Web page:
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The digital magazine of InfoVis.net

Visualisation in the 20th century
by Juan C. Dürsteler [message n 112]

The 20th century has seen many advances in different fields. Visualisation hasn’t been immune to these changes that paved the way to its transformation into Information Visualisation in the two decades that preceded the new millennium.

Unlike the second half of the 19th century, the first half of the 20th century marked the normalisation and popularisation of graphics. The innovation and enthusiasm of the late 1800s have disappeared now. 

The improvements in accuracy of statistical methods along with the commonness of charts and diagrams in texts appear to reduce them to a commodity.

This period was one of consolidation, with the first attempts to compare the efficiency of different types of charts. The evolution of science, statistics and technology were preparing the scenario for the next wave of creativity.

Let’s see some of the major achievements. 

  • In 1911 Henry L. Gantt developed systematic industrial planning and invented the widely used today Gantt and progress charts.

  • 1913: the Herzprung-Rusell diagram relating the luminosity and temperature of the stars opened a completely new way to regard the evolution of the stars and gave rise to a new era in astronomy. 

  • In 1924 Otto Neurath, Austrian sociologist, created ISOTYPE the International System of Typographic Picture Education. This could be the first practical approach to teach visual language. The goal was to develop pictures that would complement text, be it spoken or written in any language, understandable across borders by the largest number of people possible.
GanttChart.gif (21965 bytes) Herzsprung-Russell.jpg (24519 bytes) Isotype-Neurath.jpg (44048 bytes)
Modern Gantt Diagram.  It represents the tasks to perform in a project, against time. Every bar is a task that begins and ends in certain dates.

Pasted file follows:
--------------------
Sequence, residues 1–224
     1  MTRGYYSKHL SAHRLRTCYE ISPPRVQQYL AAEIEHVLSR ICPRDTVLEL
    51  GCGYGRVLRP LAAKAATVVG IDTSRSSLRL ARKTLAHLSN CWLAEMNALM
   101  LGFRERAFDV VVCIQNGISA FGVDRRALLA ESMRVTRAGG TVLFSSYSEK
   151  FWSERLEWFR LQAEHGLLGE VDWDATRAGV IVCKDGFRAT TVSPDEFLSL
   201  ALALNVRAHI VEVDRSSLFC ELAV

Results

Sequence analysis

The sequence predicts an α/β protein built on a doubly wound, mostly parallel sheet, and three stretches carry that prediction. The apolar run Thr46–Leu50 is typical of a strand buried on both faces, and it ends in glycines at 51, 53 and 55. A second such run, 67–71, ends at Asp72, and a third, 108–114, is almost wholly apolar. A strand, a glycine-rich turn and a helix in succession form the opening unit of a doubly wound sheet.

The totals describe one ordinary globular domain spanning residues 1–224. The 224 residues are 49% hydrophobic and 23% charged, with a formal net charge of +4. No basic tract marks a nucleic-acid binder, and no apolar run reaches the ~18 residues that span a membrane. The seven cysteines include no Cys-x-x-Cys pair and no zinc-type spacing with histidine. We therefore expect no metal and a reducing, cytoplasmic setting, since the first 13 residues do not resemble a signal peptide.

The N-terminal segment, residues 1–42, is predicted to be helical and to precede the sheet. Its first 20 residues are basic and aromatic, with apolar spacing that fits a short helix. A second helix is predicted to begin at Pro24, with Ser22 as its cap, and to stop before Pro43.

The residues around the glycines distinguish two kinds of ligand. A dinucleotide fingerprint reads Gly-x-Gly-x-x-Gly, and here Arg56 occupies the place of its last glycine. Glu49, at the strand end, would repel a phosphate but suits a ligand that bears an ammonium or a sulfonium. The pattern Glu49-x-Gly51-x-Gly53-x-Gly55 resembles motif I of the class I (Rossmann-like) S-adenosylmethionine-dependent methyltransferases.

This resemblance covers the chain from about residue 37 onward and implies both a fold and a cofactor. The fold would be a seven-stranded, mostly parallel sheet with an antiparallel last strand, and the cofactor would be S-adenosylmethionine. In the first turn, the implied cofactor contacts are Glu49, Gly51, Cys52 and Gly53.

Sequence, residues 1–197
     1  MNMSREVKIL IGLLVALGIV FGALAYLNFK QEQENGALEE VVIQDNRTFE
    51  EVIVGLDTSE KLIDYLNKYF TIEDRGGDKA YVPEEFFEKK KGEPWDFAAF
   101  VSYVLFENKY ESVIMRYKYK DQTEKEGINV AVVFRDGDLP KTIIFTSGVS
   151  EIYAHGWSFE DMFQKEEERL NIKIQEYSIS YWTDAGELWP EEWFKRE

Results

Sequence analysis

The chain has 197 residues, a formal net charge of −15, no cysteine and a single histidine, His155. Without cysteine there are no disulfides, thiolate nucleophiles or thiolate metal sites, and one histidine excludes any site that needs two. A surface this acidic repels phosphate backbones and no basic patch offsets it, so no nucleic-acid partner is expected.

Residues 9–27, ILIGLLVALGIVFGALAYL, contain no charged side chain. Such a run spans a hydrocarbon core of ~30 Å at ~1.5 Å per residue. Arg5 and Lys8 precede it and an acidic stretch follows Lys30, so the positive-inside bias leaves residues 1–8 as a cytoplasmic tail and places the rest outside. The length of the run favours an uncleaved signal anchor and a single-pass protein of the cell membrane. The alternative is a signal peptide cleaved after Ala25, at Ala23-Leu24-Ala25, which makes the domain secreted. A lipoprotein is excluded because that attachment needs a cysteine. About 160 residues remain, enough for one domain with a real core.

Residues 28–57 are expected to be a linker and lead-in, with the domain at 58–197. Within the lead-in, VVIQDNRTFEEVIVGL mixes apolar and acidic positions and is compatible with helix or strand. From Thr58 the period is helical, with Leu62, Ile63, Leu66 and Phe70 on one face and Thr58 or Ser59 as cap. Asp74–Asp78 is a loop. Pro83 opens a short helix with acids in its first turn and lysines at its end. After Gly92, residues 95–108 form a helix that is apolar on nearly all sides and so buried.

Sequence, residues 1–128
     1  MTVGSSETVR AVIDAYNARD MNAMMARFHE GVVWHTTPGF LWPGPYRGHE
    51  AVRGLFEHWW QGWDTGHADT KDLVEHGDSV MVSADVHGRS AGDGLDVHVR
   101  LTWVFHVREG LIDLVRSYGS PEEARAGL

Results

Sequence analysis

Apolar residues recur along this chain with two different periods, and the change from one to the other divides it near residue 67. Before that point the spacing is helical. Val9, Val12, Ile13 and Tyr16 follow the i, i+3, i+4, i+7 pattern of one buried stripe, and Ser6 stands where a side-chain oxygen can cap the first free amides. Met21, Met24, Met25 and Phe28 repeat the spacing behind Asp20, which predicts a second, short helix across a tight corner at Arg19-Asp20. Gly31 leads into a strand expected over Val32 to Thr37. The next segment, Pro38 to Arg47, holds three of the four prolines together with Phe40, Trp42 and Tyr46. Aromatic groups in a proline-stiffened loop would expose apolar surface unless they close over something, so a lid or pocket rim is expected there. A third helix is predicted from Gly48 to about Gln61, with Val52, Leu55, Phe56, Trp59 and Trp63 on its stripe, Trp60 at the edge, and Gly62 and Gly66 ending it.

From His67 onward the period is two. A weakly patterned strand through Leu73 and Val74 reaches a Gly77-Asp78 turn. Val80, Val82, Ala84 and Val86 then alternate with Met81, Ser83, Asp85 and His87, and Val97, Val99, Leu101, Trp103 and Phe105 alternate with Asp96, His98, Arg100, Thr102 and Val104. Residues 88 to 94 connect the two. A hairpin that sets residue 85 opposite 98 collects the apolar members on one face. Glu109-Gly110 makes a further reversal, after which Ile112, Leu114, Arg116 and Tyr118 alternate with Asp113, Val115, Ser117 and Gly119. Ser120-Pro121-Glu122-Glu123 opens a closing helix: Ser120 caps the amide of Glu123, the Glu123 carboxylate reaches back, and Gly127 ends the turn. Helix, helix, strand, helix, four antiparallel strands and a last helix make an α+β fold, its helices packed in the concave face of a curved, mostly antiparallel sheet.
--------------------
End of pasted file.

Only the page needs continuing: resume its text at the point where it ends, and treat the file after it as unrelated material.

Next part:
Dependencies between tasks are depicted by arrows. 

Click on the image to enlarge it.
Made by the author with MS Project98.

Current Hertzsprung-Russel diagram.   Represents, for every star, the relationship between surface temperature and its intrinsic brightness (corrected from distance) .
Most of the stars (including the Sun) occupy the so named "main sequence". 
Click on the image to enlarge it.
Image as can be seen at the  website "Milestones in the History of Thematic Cartography, Statistical Graphics, and Data Visualization" de Michael Friendly and Daniel J. Denis, York University, Canadá
ISOTYPE. The example shows births and deaths in Germany between 1911 and 1926. Each icon accounts for 250.000 events (births or deaths). You can see in the second row the effect of World War I.

Click on the image to enlarge it.
Image as can be seen at the  website  "Milestones in the History of Thematic Cartography, Statistical Graphics, and Data Visualization" de Michael Friendly and Daniel J. Denis, York University, Canadá

1944 marks a turning point for graphics, as for many other fields, with the advent of the first digital computer, put into operation in Harvard. Howard Aiken and Grace Hopper had an outstanding role in the achievement. 

From that moment, many improvements and changes have taken place, slowly in the beginning, extremely fast in the recent years but there are two people in particular who can be credited for some of the crucial advances during this period.

  • Jacques Bertin in France. Bertin published in 1967 a book titled “Semiologie Graphique” where he showed the organisation of the elements of graphics according to the corresponding function and relations in the data. His work, oriented through semiologic studies, is a fundamental attempt to look at graphics from a structured and comprehensive point of view, producing a consistent theory of the graphical symbols and modes of graphic representation.